August 30, 2017 12:12 pm

“Your mother was a hamster and your father smelled of Elderberries.”
It had to be said. So I said it.
Now, what did the bears do AFTER 2014??

Michael ODonnell
Reply to  Aphan
August 30, 2017 3:13 pm

That made me laugh out loud.

Tom Halla
August 30, 2017 12:15 pm

I’m missing something here, as these are Pacific salmon, which die after spawning, so how are the streams missing fertilization from salmon? Bear droppings, perhaps?

The Original Mike M
Reply to  Tom Halla
August 30, 2017 12:34 pm

Well… they are on their way to spawn so bears are unwittingly providing a Darwinian function of increasing salmon IQ by catching the ones too stupid to avoid getting eaten. But then berries will make the bears smarter by providing more anti-oxidants so more smart salmon will be caught. Believe it or not there’s a video that touches on this relationship!

nc
Reply to  Tom Halla
August 30, 2017 5:05 pm

The fertilizing being referred to happens away from the stream with fish remains after been eaten. The optimum artificial fertilisation of forests matches natural fertilisation by fish remains.
The fertilisation by fish remains is generally in the first 100 yards from a stream or river.

Green Sand
August 30, 2017 12:17 pm

The bear necessities

Joel Snider
August 30, 2017 12:20 pm

So Grizzly Bears now have a choice.
That’s gotta bother the Progressives.

SMC
August 30, 2017 12:23 pm

The bears are just trying to do their part to mitigate climate change by going vegan. The climate change commutation group should be proud, their message has spread so widely, even wildlife is starting to pay attention. (/sarc)

imoira
Reply to  SMC
August 30, 2017 1:15 pm

Next they’ll be riding bicycles.

DHR
August 30, 2017 12:24 pm

My Grandfather used to make elderberry wine. Have the bears caught on to something?

Greg
Reply to  DHR
August 30, 2017 1:27 pm

I used to make elderberry wine until I moved to somewhere warm enough to grow grapes !

arthur4563
August 30, 2017 12:24 pm

I think they are foling themselves if they think a couple of warm summers means a permanent change. And this applies to which bear population, They also intersperse Grizley with Brown bears,
so I’m not sure which they are referring to , or both. I’d say these biologists need to be educated about global warming and not jump to conclusions. It is also true that the ecosystem for bears, who have been around quite awhile, have gone through more than a couple of severe climate changes.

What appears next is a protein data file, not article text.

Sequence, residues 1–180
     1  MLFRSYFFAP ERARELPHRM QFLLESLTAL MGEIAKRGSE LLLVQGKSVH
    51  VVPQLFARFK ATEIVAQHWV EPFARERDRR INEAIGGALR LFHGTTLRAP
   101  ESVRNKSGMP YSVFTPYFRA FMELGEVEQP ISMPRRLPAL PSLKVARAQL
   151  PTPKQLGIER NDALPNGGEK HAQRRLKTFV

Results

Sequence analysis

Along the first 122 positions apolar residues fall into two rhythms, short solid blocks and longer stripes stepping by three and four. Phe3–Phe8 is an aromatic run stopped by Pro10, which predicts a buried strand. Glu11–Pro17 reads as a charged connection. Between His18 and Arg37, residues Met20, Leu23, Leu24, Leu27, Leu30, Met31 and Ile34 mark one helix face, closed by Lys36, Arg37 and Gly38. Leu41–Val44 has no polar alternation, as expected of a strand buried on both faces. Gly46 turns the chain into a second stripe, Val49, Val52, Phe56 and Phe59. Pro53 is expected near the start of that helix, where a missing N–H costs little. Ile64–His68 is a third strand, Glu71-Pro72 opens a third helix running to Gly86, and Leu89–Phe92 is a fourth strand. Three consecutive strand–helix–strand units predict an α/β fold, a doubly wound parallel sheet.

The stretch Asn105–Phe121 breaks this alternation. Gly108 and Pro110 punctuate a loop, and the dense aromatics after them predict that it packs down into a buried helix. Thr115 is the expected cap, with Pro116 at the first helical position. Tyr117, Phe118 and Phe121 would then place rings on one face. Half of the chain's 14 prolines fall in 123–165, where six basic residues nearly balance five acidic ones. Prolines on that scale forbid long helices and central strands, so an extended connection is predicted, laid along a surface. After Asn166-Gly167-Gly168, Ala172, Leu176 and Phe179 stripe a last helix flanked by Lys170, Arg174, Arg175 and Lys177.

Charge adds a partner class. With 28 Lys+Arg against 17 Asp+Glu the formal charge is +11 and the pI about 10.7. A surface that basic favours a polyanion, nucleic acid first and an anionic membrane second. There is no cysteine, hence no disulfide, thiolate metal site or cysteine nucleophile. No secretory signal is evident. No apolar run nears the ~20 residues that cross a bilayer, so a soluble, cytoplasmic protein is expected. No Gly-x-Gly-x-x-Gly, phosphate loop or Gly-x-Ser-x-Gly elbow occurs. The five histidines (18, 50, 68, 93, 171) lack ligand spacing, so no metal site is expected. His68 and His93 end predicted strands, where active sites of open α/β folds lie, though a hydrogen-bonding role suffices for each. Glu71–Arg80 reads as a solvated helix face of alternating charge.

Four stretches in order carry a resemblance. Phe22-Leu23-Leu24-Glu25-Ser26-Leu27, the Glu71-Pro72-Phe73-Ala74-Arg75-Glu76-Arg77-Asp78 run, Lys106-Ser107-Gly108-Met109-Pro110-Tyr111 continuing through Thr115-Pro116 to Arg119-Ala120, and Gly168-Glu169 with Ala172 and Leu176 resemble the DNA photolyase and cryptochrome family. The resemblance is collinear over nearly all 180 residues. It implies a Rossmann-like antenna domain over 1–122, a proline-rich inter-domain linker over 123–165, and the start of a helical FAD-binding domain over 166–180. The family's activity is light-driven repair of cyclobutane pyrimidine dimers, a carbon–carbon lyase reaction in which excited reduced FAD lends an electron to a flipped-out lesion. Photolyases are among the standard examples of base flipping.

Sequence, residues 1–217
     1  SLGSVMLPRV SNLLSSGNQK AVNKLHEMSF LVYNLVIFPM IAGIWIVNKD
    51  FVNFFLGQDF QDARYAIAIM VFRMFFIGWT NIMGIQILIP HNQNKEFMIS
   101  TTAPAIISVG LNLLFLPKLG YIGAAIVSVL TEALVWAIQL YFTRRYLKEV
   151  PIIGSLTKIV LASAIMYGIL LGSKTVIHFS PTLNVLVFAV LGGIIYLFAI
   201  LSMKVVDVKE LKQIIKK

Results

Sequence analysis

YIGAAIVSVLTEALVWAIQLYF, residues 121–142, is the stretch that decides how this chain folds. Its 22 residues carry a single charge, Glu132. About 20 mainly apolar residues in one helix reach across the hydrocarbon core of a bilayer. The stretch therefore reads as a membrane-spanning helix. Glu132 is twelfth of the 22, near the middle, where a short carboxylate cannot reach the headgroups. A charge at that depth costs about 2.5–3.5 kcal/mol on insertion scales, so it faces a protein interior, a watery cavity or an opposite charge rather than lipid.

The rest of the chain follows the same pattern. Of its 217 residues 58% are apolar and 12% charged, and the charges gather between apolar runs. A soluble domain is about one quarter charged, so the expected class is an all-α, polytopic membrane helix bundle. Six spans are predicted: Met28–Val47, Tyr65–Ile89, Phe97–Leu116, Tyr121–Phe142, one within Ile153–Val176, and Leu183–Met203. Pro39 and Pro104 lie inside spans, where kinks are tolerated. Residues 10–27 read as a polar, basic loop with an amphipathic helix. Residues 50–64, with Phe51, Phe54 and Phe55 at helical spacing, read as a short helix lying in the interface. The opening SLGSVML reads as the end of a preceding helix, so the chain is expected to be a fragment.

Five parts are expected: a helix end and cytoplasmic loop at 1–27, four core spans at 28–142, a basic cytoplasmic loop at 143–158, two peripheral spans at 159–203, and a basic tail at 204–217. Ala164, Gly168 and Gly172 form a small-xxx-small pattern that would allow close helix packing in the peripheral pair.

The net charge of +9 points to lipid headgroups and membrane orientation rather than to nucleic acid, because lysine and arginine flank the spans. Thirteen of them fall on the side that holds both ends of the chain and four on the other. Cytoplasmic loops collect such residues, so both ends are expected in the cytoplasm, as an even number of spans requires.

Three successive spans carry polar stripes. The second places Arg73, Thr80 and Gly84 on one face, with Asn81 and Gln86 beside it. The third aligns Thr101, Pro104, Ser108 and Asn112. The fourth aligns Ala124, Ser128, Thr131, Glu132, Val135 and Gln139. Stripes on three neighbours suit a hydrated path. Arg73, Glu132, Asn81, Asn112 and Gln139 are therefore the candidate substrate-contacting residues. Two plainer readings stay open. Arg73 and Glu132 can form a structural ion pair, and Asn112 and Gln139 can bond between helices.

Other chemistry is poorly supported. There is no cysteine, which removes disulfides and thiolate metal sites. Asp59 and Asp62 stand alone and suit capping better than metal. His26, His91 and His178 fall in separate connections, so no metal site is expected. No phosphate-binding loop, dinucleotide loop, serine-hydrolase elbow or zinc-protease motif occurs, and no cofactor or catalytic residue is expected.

These guys seem to always think animal species are fragile, and aren’t mobile enough to simply move to happier hunting grounds. I don’t get the reason why they think it’s great for fish carcuses to fertilize the forest. It could not possibly affect a large area of a forest.

Griff
Reply to  arthur4563
August 31, 2017 4:58 am

I’m sure that there is evidence that the berries have been ripening earlier over a long period of time though…
UK records going back decades show spring flowering of multiple species is getting earlier due to climate change

Jtom
Reply to  Griff
August 31, 2017 1:30 pm

If they have been ripening earlier, it’s not due to local climate change, since it hasn’t changed. 2014 was above average in temps. This year, it’s below average.
Why don’t you do an average for Kodiak over the last thirty years and offer up some real evidence instead of your usual arm-waving. Or are you afraid of actual facts and data?

catweazle666
Reply to  Griff
September 2, 2017 2:27 pm

“UK records going back decades show spring flowering of multiple species is getting earlier due to climate change”
No they don’t.

Gary
August 30, 2017 12:24 pm

Obviously this calls for solar-powered fish harvesters to toss the salmon carcasses into the woods because the bears are so undependable.

rocketscientist
Reply to  Gary
August 30, 2017 1:04 pm

After the adult salmon complete the spawn, what do they think happens to the fish? Here’s a hint, they don’t swim back to sea.
What the bears don’t eat, birds will. What the birds don’t eat smaller creatures will. 3 years have passed since the bears were noticed to have changed their cuisine. Yet, surprisingly the salmon continue to spawn and the bears continue to survive on vegan rations.
What are the bears currently dining on, canapés and cucumber sandwiches? I’ll wager they have returned to sashimi and berry pie for dessert.
I’m waiting for the fools to determine that grizzly bears have eco-consciously switched to a sustainable diet based on plants and away from overfishing.

Griff
Reply to  Gary
August 31, 2017 4:59 am

That would be a good idea. The nutrient/minerals from salmon remains are essential to the environment of the area

Andy pattullo
Reply to  Griff
August 31, 2017 7:55 am

Based on what? Pretending to sufficiently understand the intricacy of the nutritional web that connects all these elements together to safely recommend bizarre human interventions is a sign of fantasy thinking, not science. Bears instinctively know what is good for them as evolution has made them what they are. We seem to be the only species stupid enough to resists what hundreds of millions of years of genetic and behavioural evolution tells us works.

2hotel9
Reply to  Andy pattullo
August 31, 2017 9:59 am